Brass Napoleon Award Were Confederate Ironclads Worth The Effort/Cost?

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DaveBrt

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On other recent threads, the idea has been stated that the Confederate ironclads (the home brew variety) were useful. One poster stated "Where they existed, the Confederate ironclads had an impact. They were very disruptive on the Mississippi while they could be kept in operation. The existence of the Tennessee affected and delayed the assault on Mobile. And the existence of the Albemarle was an operational problem which was not resolved until Cushing pushed a mine into it."

My contention is that ironclads were of value in only the following places:
New Orleans -- the cost of loosing control of the Mississippi River was so great that they had to be used to prevent the loss.
Wilmington and Charleston -- the need to keep these blockade runner ports open was so great that the ironclads were worth the cost
Mobile -- the loss of the only remaining east-west RR line, through Mobile and by barge across the river, made this a serious pressure point that had to be defended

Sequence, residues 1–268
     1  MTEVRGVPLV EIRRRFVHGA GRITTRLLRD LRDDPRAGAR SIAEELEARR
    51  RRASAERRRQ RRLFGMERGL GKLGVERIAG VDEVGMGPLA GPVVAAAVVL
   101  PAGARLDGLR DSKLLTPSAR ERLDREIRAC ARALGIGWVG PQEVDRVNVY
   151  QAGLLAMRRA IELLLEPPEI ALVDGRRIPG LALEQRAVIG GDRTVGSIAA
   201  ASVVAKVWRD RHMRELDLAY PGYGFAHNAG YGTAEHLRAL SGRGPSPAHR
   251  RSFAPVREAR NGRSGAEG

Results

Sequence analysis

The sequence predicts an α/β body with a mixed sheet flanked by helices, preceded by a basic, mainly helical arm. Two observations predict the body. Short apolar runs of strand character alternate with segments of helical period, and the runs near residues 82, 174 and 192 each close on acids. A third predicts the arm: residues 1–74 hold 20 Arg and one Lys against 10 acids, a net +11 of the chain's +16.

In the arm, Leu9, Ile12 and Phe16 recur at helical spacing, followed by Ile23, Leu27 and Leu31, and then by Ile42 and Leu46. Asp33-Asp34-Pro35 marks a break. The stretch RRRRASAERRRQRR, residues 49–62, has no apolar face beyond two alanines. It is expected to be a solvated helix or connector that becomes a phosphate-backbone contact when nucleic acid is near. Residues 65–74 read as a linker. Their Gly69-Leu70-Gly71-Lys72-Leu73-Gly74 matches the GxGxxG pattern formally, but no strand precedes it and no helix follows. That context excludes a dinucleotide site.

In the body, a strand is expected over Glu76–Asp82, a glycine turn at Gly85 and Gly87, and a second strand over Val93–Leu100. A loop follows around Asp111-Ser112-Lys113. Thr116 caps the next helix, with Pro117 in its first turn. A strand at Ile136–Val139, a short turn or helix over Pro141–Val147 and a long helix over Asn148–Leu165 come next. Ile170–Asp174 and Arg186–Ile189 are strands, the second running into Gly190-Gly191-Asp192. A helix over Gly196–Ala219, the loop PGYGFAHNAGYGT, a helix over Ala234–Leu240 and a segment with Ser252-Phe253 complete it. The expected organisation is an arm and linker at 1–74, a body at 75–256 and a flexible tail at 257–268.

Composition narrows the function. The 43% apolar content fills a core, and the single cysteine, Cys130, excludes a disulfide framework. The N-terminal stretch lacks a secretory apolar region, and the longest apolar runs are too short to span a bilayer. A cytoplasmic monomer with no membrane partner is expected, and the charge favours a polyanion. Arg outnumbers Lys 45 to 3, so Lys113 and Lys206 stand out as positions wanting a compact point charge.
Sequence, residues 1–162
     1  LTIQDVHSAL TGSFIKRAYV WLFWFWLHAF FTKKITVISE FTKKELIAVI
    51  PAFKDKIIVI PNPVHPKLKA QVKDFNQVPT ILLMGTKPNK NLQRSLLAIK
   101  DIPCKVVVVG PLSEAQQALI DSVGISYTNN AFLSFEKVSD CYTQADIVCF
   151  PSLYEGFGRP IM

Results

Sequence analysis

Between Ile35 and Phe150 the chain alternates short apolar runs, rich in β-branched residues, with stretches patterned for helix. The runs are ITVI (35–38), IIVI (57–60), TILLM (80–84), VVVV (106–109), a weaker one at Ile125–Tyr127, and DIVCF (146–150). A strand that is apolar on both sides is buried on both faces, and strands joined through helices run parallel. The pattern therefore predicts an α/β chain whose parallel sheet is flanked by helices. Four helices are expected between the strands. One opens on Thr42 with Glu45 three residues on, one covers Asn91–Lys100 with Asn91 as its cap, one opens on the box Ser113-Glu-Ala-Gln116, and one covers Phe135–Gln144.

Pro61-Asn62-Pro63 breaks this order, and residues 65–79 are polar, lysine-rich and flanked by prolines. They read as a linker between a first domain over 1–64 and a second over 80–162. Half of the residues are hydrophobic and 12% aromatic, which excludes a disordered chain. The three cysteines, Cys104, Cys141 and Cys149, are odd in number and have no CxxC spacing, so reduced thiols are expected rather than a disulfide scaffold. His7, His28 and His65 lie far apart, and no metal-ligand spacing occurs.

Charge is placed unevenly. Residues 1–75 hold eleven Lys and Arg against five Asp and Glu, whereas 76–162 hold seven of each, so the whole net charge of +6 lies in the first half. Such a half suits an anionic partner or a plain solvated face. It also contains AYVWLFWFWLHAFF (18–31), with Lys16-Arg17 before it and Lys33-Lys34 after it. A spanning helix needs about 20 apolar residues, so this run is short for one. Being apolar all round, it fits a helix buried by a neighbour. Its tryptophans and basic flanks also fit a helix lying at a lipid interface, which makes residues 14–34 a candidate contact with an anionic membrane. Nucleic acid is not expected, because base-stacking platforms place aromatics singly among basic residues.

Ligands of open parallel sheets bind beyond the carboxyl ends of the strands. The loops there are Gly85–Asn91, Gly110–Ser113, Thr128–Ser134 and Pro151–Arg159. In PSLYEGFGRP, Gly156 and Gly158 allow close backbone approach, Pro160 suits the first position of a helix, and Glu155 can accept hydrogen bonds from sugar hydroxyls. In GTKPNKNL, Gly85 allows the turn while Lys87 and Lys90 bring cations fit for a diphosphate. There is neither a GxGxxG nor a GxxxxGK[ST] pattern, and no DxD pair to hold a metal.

None of the others, including Virginia I, was worth the effort because of strategic factors. In Virginia I's case, Norfolk was going to be captured soon, by direct assault or from the South. The ship did not delay the Union more than a few days and had no chance to prevent the actual outcome.

Keep going down the list of ships and find one that mattered -- in Savannah? in the Chattahoochee River? as a single ship in the upper Mississippi? in Shreveport? in the NC Sounds? in Richmond? The cost, however, was noticeable -- RR cars required to carry the guns, engines and armor to the building ironclads, the loss of RR rails that could have been re-rolled (if the rollers had not be monopolized by armor production) and used to keep the RRs operational, the requirement for mechanics to build them, etc.

In my opinion, Davis should have reigned in Mallory and allowed only the ships that mattered to be built. But how did he know which ones would matter? It was not the ships, it was the strategic targets that needed to be defended that mattered.

(It is really quite analogous to the German Navy in WW1. The huge expenditure for the battleships brought no useful return and no one should have expected such return.)
 
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jgoodguy